Littler followed up with a second-round 3-under 69 to take a two-shot lead over Jerry McGee, and go four up on Nicklaus and Wadkins. A third-round 70 got Littler to 10-under, four ahead of Nicklaus and six clear of Watson and Wadkins.
Littler pushed his lead to five after a 1-under 35 on the front nine Sunday, but then the man known as Gene “The Machine” short-circuited, as Jenkins observed:
Littler’s troubles began when he bunkered his approach on 10 and bogeyed. He three-putted 12 for a bogey. He bogeyed the 13th after a bad second shot and a poor chip. He bogeyed 14 after hitting into a fairway bunker. And he bogeyed the 15th with an impure short iron that found a bunker. By that time Littler had fallen into a tie with Nicklaus, and Wadkins was only a shot away.
Littler picked up the pieces by saving par on No. 17 and making another par at No. 18 to force a playoff, but his closing 76 allowed Wadkins to rally from six strokes back.
4. JACK NICKLAUS COULD HAVE WON ANOTHER MAJOR AT PEBBLE BEACH.
Littler’s stumble down the stretch meant that Nicklaus was tied for the lead while standing on the 17th tee. Just five years earlier, Nicklaus clinched the championship here with a perfect 1-iron that short-hopped the flag stick. This time, his 3-iron missed the green, and he took a bogey to fall out of the lead.
“I remember that Jack (Nicklaus) was lurking and he missed a putt (on No. 18) that would have put him in the playoff,” Wadkins said. “And I was thinking that I didn’t want to be in a playoff with him.”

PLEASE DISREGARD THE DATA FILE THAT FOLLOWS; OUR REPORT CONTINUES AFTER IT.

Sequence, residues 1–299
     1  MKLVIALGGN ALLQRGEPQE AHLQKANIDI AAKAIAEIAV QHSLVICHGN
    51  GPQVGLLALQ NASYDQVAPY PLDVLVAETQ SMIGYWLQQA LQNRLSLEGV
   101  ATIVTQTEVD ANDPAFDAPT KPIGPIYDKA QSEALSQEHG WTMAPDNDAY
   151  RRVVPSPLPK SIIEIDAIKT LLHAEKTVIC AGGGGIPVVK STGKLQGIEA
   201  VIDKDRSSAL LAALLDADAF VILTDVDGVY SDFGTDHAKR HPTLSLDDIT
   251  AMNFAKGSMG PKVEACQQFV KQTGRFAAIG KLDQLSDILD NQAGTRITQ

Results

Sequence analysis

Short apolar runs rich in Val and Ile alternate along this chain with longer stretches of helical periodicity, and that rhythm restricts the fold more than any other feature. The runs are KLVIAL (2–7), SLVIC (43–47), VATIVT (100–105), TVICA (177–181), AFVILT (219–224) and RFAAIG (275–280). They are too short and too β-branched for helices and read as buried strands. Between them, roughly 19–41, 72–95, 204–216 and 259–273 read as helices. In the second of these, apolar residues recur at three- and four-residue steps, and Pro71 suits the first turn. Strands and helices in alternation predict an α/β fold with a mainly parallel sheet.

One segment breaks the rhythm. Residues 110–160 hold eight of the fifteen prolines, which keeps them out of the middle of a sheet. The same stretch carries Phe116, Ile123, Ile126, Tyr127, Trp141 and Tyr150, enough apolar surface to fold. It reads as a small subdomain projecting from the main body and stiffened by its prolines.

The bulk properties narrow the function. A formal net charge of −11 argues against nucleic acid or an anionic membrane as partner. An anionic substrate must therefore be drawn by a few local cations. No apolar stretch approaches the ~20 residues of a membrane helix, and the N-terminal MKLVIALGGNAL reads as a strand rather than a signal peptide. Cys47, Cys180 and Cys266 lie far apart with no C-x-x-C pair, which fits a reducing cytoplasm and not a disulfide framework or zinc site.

No. 17 wasn’t kind to Nicklaus again at the 1982 U.S. Open, when Watson broke free of a tie in the final round with his famous chip-in birdie.
5. TOM WATSON HAD TO BORROW CLUBS, AND STILL CAME CLOSE TO WINNING HIS THIRD MAJOR IN 1977.
The Official World Golf Rankings didn’t begin until 1986, but in 1977, Watson was the game’s best player. He won a PGA TOUR leading five times, including the Masters and British Open, toppling Nicklaus both times. The famed Duel in the Sun at Turnberry is one of golf’s most memorable performances, with Watson shooting 65-65 over the weekend to nip Nicklaus’ 65-66. The duo lapped the field, as Watson finished one shot ahead of Nicklaus at 12-under, while Hubert Green was third at just 1-under.
Watson also tied for seventh at the U.S. Open, and had already won at Pebble Beach earlier that year, capturing the Bing Crosby National Pro-Am in January.
But then a grooves controversy swept the field the week of the championship, and Watson’s Rams were suddenly ruled non-conforming. Jenkins noted:
An hour before tee time on Thursday Watson wound up with a spare set of Roger Maltbie’s MacGregors. “Anybody got any clubs?” Tom hollered on the putting green. “I’ll take anything.” Maltbie came through. And this was the set that Watson used in his opening 68, proving how much difference grooves make. He hit a total of eight practice shots with them.
Watson hung tough for three days, sitting in a tie for fourth at 4-under. But he closed with a 2-over 74, when he needed a 2-under 70 to reach the playoff. Watson ultimately tied for sixth, giving him two wins and four top-7 finishes in the year’s four Majors.